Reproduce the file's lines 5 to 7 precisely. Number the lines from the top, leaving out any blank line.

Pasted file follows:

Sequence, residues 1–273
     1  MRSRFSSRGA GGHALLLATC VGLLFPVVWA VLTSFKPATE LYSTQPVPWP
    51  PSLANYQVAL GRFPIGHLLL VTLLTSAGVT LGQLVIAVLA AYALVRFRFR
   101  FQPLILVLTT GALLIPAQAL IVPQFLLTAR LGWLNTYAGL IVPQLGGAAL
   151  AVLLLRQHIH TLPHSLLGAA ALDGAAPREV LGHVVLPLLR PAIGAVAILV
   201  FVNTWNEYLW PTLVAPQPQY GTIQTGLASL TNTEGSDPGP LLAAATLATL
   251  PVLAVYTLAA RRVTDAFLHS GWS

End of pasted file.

   151  AVLLLRQHIH TLPHSLLGAA ALDGAAPREV LGHVVLPLLR PAIGAVAILV
   201  FVNTWNEYLW PTLVAPQPQY GTIQTGLASL TNTEGSDPGP LLAAATLATL
   251  PVLAVYTLAA RRVTDAFLHS GWS